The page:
If you want to learn more about Writers in the Schools (WITS) programs, please join us at the annual AWP Conference. This year it will take place in Seattle starting Feb. 26, 2014. Here is a listing of our panels. A more complete list including meetings and receptions will be posted in December.

Writers in the Schools (WITS) Alliance
2014 AWP Conference Schedule
Seattle, Washington

Visit us at Booth #200 in the Bookfair

Wednesday, February 26, 2014

4:30 pm to 5:45 pm
W103. WITS Membership Meeting
Room 2A, Washington State Convention Center, Level 2
Writers in the Schools (WITS) Alliance invites current and prospective members to attend a general meeting led by Robin Reagler, Executive Director of WITS-Houston.

Thursday, February 27, 2014

1:30 pm to 2:45 pm
R218B. Being Juvenile is a Good Thing: A Reading of Old Writers Inspired by Young Writers
Room 304, Western New England MFA Annex, Level 3
(Rebecca Hoogs, Terry Blackhawk, Garth Stein, Nick Flynn, Dorothea Lasky)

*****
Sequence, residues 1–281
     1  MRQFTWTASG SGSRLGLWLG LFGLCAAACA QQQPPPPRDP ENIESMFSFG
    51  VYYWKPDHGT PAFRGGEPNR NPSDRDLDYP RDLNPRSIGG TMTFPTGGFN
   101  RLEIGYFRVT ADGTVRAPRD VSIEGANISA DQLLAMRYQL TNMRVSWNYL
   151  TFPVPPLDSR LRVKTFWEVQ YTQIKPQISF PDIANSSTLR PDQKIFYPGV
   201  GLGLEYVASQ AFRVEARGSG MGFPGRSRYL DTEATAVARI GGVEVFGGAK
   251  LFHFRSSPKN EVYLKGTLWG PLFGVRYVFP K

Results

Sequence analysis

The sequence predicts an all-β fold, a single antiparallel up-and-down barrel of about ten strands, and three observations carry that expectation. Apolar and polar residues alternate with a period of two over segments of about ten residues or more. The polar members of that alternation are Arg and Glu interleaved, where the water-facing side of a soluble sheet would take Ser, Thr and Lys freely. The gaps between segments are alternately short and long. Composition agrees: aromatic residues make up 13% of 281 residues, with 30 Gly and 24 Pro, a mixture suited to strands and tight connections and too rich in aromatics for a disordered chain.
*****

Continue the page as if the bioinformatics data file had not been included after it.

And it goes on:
In a recent New Yorker profile of James Salter, the writer dismissed his teenage writing as “terrible”—a common refrain for most writers of renown—yet such false modesty does damage to the public perception of what young people can do. This panel will present writers who have worked with Writers in the Schools programs to read their work and the work of the amazing young people who have inspired them. The reading will also feature a special guest appearance by a young writer from Seattle.

4:30 pm to 5:45 pm
R253. From Page to Stage, Performance Poetry and the WITS Process of Teaching and Learning
Willow Room, Sheraton Seattle, 2nd Floor
(Mary Rechner, Desmond Spann, Aricka Foreman, Monica Prince, Janet Hurley)
Competitive Poetry Slams inspire diverse youth populations to produce dynamic poetry on both the page and the stage. Panelists explore the complexities unique to teaching students to write poetry meant for performance, the socio-political history of the form, the nuts and bolts of organizing youth slams, and the expanding world of opportunities for young performance poets.

7 pm to 8:15 pm
Writers in the Schools Reception
Greenwood Room, Sheaton Seattle

Friday, February 28, 2014

9:00 am to 10:15 am
F114. Preparing for Exuberant Life Beyond the MFA
Room 602/603, Washington State Convention Center, Level 6
(Michele Kotler, Lauren Berry, Peter Hyland, Jason Whitmarsh, Elizabeth Wales)